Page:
Once, Lord & Taylor’s Fifth Avenue flagship store was a jewel in the crown of Hudson’s Bay Company, its parent company. In 2010, HBC invested $150 million in updating the store. Seven years later, Lord & Taylor received another $12 million renovation. Yet within just over a year of that final investment, the company sold the building, the oldest department store in the country, to WeWork, closing its doors for good on Thursday.
So how did the company go from pouring more than $100 million into the store to selling it in just a few years? In short, it is likely because of the same challenge that legacy retailers across the board are facing: strong competition from disruptive new forces.
“With intense competition from online retailers, maintaining a profitable brick-and-mortar presence in the high-priced real-estate shopping district on Fifth Avenue is extremely challenging,” said David Naumann, vp of marketing at Boston Retail Partners. “While a presence on Fifth Avenue helps elevate the brand image for Lord & Taylor, brand image doesn’t translate into profitability. As a corporation driven by stockholders’ desire for stock price appreciation, Hudson’s Bay Company sold its Lord & Taylor property to boost its profitability.”
Profitability is something that HBC needs, given its large amount of debt. In March, the company reported around $4.6 billion in debt and revealed plans to close at least 10 stores including the flagship Fifth Avenue location.
These closures are meant to help boost the company’s funds in order to help stave off some of that debt.
“With the proceeds from the transactions expected to close by year-end and the cash inflow from our operations, we expect to repay approximately $2 billion in debt during the fourth quarter,” said Richard Baker, executive chairman of HBC, in the company’s latest earnings call.
To combat its mounting debt and sliding stock prices, HBC has focused on its more successful retailers — sales at Saks Fifth Avenue, specifically, grew by 7.3 percent in the third quarter of 2018 — by creating experiential efforts. In early 2019, HBC says it will debut a new in-store jewelry concept at Saks Fifth Avenue. At New York Fashion Week, in September, Saks made experiences a priority with a highly Instagrammable retail activation.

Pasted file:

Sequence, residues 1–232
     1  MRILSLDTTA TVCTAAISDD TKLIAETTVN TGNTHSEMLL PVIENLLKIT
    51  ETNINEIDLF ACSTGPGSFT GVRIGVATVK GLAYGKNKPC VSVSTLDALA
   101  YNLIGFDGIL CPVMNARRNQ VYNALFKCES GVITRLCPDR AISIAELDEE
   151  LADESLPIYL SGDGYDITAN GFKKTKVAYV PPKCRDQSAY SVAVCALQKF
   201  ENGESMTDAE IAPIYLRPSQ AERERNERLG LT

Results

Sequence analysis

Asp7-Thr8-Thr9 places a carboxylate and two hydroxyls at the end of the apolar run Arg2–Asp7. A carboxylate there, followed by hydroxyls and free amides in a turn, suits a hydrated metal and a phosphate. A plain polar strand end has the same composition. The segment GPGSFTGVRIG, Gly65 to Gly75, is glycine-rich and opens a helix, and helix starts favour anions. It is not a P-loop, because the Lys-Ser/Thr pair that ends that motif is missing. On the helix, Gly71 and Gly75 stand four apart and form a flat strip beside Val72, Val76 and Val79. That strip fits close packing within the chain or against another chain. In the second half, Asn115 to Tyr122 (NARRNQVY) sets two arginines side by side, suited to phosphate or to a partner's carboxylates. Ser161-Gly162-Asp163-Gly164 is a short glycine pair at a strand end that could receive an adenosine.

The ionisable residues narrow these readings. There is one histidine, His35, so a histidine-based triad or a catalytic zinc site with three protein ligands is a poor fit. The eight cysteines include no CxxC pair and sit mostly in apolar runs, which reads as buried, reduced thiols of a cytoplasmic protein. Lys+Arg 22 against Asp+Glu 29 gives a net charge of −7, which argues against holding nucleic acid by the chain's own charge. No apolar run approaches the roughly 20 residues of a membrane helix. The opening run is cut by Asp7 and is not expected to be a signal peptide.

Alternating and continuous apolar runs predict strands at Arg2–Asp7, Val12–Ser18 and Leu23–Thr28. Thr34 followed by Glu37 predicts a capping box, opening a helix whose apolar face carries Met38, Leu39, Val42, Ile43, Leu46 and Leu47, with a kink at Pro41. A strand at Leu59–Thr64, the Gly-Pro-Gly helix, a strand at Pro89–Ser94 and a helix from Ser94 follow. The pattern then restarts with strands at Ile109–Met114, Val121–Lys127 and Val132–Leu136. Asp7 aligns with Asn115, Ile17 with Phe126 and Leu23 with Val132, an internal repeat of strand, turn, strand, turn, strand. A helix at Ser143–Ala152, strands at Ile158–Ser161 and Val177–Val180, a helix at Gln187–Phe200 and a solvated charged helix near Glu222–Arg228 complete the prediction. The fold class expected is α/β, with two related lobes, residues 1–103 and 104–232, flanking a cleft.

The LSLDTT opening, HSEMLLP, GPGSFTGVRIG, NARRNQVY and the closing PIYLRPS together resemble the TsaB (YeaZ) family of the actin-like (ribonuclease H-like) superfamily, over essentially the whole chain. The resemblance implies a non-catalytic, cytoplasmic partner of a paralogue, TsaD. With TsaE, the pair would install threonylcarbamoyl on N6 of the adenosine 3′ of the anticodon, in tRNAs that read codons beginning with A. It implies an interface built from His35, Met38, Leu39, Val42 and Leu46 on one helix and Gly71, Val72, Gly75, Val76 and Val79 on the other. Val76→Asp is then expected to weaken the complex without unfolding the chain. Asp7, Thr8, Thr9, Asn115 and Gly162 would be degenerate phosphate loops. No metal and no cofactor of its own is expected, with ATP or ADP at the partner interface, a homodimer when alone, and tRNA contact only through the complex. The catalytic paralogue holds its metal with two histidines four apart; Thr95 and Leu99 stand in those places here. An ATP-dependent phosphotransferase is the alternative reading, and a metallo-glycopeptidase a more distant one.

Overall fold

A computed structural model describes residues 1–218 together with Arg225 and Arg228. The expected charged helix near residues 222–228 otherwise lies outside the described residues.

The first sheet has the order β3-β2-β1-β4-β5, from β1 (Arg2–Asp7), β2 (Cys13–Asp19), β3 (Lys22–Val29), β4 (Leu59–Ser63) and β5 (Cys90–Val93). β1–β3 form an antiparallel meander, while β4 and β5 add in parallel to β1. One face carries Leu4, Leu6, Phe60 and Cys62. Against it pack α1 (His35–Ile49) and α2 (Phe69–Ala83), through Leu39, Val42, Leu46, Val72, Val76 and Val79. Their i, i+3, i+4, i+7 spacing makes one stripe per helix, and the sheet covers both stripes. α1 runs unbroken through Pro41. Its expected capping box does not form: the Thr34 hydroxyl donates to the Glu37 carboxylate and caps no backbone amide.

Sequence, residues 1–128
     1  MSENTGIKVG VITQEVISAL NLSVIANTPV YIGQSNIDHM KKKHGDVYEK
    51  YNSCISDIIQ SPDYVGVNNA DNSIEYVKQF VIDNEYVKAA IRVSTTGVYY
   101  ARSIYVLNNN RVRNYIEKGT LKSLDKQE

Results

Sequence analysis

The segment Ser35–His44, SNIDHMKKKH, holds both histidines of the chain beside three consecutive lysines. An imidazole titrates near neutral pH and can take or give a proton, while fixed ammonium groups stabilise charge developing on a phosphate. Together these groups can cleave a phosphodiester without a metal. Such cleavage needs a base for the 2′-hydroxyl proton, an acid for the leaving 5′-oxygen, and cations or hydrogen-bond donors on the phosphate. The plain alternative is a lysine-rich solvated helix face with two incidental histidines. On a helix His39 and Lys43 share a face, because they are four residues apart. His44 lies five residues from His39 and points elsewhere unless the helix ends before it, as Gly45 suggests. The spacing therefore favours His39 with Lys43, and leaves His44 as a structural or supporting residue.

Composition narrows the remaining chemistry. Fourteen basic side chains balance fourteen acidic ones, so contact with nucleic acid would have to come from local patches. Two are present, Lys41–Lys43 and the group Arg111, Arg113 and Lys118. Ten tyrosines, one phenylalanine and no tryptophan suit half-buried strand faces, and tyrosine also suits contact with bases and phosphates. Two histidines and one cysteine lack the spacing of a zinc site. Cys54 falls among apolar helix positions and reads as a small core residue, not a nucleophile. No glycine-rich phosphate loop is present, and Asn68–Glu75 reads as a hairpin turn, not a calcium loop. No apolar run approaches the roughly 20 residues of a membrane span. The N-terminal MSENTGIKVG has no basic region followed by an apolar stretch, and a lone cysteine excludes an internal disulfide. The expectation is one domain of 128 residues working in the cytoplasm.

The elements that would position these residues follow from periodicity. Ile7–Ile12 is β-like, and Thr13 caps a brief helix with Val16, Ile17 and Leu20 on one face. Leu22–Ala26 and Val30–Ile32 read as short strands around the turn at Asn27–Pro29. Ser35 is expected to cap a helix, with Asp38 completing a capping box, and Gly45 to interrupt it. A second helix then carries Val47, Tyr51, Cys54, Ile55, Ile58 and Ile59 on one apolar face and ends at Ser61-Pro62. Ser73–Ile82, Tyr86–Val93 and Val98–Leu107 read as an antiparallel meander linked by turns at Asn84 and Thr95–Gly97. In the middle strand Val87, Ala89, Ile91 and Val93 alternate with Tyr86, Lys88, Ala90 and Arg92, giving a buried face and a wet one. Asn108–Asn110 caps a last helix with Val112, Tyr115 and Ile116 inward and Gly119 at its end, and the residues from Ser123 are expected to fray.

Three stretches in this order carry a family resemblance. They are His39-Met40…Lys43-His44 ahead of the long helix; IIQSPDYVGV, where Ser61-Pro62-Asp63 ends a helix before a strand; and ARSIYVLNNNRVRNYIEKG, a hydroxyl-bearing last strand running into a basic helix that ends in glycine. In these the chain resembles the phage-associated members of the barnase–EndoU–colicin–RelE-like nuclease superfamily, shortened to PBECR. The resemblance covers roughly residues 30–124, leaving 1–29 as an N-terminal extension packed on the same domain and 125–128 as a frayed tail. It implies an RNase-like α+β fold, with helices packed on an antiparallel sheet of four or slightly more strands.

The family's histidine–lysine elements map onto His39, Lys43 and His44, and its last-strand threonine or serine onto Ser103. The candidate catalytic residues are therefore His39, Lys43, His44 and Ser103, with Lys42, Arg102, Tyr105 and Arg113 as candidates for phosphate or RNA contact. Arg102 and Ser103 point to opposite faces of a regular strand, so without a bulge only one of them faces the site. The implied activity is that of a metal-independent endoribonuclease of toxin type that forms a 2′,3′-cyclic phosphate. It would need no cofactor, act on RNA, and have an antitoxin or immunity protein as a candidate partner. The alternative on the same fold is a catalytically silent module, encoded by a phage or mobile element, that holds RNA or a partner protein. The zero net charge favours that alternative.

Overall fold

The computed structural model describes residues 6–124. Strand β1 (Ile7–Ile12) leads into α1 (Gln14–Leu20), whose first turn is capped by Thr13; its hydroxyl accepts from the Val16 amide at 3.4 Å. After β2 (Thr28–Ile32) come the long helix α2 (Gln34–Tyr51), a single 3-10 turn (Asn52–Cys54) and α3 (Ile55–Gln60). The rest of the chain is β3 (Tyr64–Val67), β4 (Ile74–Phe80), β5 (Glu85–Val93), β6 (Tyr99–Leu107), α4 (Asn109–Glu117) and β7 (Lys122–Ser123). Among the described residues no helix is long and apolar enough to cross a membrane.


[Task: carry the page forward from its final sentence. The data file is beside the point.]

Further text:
The lineup of legacy New York department stores got a little smaller late last year with the abrupt shutdown of Henri Bendel. Like Lord & Taylor and Saks Fifth Avenue, Henri Bendel was a premier destination for luxury fashion shopping in New York City. But an onslaught of competition from more flexible online retailers and an inability to catch up meant that Henri Bendel was forced to close down.
In their most recent earnings call in December, multiple HBC executives alluded to the fact that the company was behind many of its competitors in terms of online and digital tools. Helena Foulkes, CEO of HBC, said that the basic digital infrastructure the company has created for its stores over the last year “was not in place before.”
The bright side of HBC’s current situation is that it has been able to pay off a significant chunk of its debt, and its executives seem aware of its problems. Adaptation is a requirement for older retailers today, especially as brands sell direct to consumer and resellers cut into retailers’ traditional margins.
“Retailers that don’t evolve and adapt to changing customer expectations will be forced to close stores. While retail is certainly challenging and we see a lot of failing retail chains, there are also a lot of success stories,” Naumann said, pointing to retail sales, which were up 5 percent in November from last year. “The winning retailers are adapting their in-store experiences to new customer expectations by focusing more on the experience [itself].”